Sunday, November 21, 2010
Philadelphia, PA -
When Walter Deever of Houtzdale, PA checked in for his flight last week out of Pittsburgh International Airport, he never expected to have his life saved. Ask him today, and he'll tell you that's exactly what happened. Thanks to the new enhanced pat-downs being enforced by the TSA, he may very well have averted a personal crisis.
As Deever, age 29, explained, “Of course, like most people, I was a little uncomfortable with the thought of being fondled by a stranger. But this time I was lucky. My TSA agent happened to feel something “down there” that wasn't normal.” In fact, TSA agent John Courtwright, had detected what later turned out to be a precancerous testicular mass. As Deever put it,” It feels really good to know that these people are going above and beyond the call of duty to protect Americans from terrorists both from without, and from within our own bodies.”
This is not an isolated incident either. Gladys McFadden of Sugar City, ID learned of an abnormal breast mass on November 13th, while receiving her pat down. “I was so relieved,” said the 67 year old McFadden. “It has been several years since I had been in to see my doctor for my routine health screening. I'm glad to know that the TSA is looking out for me.” In fact, McFadden has become close friends with TSA agent Shirley Atterbury since the incident, and Atterbury plans on visiting her in the hospital next week, after her mastectomy.
TSA chief John Pistole confirms that using both the full body scanners and the enhanced pat-downs, at least 32 tumors have been identified by TSA agents giving that “little bit extra” to a job that is usually thankless. “I am very proud of the way our agents have handled themselves and their passengers over the last several weeks. The easy thing to do would be to back down in the face of all this criticism, but we do what's right, not what's easy.”
With regard to the health benefits some travelers have been receiving, Pistole is not surprised. “Overall, I’m very satisfied. This is what we anticipated. In fact, as more and more of the health reform law comes to light, I think you will see a much expanded role of the TSA in national health care.”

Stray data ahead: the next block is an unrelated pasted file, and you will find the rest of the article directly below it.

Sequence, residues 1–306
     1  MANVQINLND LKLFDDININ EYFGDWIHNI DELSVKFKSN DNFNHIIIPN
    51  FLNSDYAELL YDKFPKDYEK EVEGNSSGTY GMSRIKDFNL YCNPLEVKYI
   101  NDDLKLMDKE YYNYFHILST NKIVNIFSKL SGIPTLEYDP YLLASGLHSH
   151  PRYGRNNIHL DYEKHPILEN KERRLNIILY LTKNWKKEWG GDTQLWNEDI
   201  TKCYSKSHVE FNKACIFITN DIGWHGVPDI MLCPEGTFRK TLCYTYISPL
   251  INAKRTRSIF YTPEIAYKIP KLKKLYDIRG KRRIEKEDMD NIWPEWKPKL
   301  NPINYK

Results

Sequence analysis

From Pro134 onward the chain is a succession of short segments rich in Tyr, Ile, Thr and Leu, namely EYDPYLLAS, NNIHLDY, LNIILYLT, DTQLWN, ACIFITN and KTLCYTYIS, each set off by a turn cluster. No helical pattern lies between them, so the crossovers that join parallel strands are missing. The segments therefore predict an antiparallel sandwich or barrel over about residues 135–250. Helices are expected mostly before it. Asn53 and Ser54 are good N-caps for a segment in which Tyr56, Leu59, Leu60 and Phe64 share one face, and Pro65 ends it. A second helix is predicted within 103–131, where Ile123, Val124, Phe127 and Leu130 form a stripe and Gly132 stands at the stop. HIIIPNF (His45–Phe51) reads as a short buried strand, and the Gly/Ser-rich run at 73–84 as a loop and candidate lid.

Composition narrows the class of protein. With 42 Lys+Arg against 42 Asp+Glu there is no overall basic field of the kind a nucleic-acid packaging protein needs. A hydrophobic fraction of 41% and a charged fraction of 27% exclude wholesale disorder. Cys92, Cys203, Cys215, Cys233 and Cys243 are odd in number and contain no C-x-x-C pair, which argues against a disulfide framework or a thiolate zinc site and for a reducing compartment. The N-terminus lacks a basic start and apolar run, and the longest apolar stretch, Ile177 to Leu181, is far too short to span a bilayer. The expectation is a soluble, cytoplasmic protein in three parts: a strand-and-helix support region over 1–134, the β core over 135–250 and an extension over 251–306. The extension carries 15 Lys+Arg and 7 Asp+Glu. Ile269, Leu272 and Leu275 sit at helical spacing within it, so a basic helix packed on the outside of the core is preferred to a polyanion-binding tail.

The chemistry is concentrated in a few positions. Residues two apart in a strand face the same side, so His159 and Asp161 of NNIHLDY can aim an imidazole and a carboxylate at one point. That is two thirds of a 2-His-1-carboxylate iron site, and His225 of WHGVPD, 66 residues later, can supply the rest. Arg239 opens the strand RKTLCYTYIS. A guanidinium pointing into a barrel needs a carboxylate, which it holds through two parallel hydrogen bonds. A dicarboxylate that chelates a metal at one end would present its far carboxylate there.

Health and Human Services director, Kathleen Sebelius, agrees. “The TSA is the natural replacement for the primary care physician in the evolution of health care in the US. After all, close to 50% of Americans will travel by plane this year, only half that many will visit their doctor. It makes sense to combine travel with health screening. By doing routine health screening at TSA stations, the cost would be included in the price of the ticket. This will allow us to take billions of dollars of federal money that otherwise would be spent on health care and allows us to redirect that money to special projects and “earmarks” that help get our congressmen re-elected.”
While both HHS and TSA officials are very pleased with the early results, most will admit that such early success has been more luck than science. “We are very proud of our agents who have taken the initiative so far, but I believe the real impressive numbers will begin to be seen sometime next summer, after we begin our Cancer Screening for Law Enforcement classes”, commented Pistole. Beginning spring of 2011, all TSA agents will be required to complete the 3-day course put together by the United States Preventative Services Task Force.
“By year’s end, we hope to be providing complete breast and testicular cancer screening in all airports and have at least 50% of facilities capable of providing skin and prostate cancer screening as well.” By 2014 it is hoped that all of these services as well as pap smears and colon cancer screening with flexible sigmoidoscopy will be provided routinely at all airports. Depending on the success of the program, the TSA may be expanded to provide services at subway and train stations as well as sporting events, theme parks and concerts.
Secretary of the Department of Homeland Security, Janet Napolitano, remains very positive about the upcoming changes. “We want to see the government involved in the lives of everyone in this country. Our goal is that every American receive both security and basic health screening. It may begin with travel security at the airport, but we won’t stop until we can provide the same level of care for every citizen whether they travel or not.”